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Eur J Hum Genet. 2007 Jul;15(7):774-8. Epub 2007 Apr 4.

Transmission ratio distortion and maternal effects confound the analysis of modulators of cystic fibrosis disease severity on 19q13.

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Institute of Medical Biometrics, Informatics and Genetics (IMBIE), University of Bonn, Bonn, Germany.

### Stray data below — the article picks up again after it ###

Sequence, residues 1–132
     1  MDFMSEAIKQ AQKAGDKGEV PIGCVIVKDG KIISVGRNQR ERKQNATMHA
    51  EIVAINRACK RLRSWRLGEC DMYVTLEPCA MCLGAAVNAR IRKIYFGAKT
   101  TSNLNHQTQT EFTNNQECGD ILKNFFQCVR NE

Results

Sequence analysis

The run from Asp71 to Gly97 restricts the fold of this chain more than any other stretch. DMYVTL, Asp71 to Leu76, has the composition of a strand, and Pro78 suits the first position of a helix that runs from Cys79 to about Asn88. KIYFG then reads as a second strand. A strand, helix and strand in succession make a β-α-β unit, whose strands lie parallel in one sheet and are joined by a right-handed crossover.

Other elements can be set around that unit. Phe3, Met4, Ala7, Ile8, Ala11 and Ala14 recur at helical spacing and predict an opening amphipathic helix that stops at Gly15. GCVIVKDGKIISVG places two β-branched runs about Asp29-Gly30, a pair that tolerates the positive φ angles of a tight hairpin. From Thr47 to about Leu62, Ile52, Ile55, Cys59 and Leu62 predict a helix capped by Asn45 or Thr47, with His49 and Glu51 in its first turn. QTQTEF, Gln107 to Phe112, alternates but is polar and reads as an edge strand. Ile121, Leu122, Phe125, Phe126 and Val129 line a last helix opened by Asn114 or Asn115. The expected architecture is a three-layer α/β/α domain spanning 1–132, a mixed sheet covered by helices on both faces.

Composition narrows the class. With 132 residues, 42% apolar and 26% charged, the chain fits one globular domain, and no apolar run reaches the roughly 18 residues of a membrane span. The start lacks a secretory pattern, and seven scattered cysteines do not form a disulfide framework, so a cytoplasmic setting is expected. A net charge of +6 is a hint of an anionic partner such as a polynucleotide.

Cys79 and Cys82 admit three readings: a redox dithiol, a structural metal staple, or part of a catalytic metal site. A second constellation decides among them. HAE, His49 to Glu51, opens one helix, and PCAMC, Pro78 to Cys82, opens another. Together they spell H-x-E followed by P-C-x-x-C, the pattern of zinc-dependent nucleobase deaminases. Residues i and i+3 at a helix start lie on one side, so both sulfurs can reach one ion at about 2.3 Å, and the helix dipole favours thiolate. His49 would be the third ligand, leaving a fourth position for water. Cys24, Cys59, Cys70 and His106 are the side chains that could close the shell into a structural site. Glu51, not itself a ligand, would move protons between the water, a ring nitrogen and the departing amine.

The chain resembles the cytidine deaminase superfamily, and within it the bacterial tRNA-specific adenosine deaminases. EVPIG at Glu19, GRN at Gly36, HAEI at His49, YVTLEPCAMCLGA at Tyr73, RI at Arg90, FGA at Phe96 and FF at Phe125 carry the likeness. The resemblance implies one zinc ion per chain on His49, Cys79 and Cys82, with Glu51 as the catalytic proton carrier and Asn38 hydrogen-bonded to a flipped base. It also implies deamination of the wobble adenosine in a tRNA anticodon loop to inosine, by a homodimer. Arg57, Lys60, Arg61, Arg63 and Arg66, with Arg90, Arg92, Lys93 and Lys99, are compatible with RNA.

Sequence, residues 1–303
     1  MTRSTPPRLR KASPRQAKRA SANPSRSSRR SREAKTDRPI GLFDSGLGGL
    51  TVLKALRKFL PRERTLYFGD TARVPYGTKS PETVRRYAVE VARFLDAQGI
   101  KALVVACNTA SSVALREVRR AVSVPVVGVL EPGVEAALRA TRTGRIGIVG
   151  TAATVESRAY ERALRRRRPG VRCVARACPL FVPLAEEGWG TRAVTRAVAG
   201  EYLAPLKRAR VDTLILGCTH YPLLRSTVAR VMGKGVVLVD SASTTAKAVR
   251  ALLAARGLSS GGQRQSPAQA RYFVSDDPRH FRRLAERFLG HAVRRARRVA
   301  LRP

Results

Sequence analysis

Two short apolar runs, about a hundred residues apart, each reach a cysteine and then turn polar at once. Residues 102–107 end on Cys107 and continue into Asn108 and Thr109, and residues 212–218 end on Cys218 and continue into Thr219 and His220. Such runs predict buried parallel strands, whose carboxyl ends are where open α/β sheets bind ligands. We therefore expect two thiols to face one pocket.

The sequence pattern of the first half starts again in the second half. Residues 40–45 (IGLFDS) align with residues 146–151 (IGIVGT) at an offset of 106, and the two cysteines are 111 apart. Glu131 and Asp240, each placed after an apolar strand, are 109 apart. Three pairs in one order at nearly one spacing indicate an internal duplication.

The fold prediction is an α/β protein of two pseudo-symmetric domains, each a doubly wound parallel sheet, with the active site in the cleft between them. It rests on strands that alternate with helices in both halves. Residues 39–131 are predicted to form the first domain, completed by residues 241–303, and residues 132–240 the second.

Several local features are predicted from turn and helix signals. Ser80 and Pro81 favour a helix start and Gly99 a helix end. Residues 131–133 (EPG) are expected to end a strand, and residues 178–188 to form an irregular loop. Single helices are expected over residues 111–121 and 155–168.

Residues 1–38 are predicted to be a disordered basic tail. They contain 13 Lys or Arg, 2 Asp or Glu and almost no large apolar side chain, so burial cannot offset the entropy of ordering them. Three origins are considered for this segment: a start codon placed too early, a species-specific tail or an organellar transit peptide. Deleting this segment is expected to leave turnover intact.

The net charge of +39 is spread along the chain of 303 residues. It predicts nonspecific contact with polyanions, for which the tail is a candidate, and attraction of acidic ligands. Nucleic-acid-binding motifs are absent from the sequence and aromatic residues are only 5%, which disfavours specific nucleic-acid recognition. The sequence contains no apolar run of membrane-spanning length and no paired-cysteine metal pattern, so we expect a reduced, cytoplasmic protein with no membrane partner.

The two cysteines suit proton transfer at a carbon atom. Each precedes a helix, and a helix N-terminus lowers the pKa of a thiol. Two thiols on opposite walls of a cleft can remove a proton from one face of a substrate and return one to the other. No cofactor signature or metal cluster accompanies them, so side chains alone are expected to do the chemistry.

Two entities localised within in a 5 Mb interval on 19q13, that is the transforming growth factor beta 1 (TGFbeta1) and the cystic fibrosis modifier 1, have been reported to modulate disease severity of cystic fibrosis (CF), albeit the designation of the risk allele for TGFbeta1 differs between studies. We have analysed genotyping data at seven microsatellite loci and four single nucleotide polymorphisms targeting the 19q13 area from 37 nuclear CF families with two affected offspring exhibiting extreme clinical phenotypes for indicators of transmission-ration distortion, maternal genetic or maternal non-genetic effects. Evidence for a transmission-ratio distortion was obtained at D19S112 (P=0.0304) near the recently characterised myotonic dystrophy locus myotonic dystrophy protein kinase (DMPK). Maternal and paternal genotype distributions were significantly different at rs1982073 (Leu10Pro at TGFbeta1) whereby all CF sibs heterozygous at rs1982073 inherited the Leu10 allele from their mother (P=0.000132) in our sibling panel. To ask whether the improved survival in CF over the last decades has any influence on TGFbeta1 allele frequencies, we analysed unrelated F508del homozygotes who were stratified by birth cohort. Sensitivity with respect to the survivor bias was reflected by significantly higher incidence of mild cystic fibrosis transmembrane conductance regulator mutation genotypes in the early born patient cohort (P=0.0169), and an allelic imbalance was also observed at TGFbeta1 (P=0.0664). In conclusion, the role of TGFbeta1 as a CF modulator, suggested from studies with a case-control setting, needs to be interpreted with caution unless family-based analysis is carried out to identify parental genetic and non-genetic effects.

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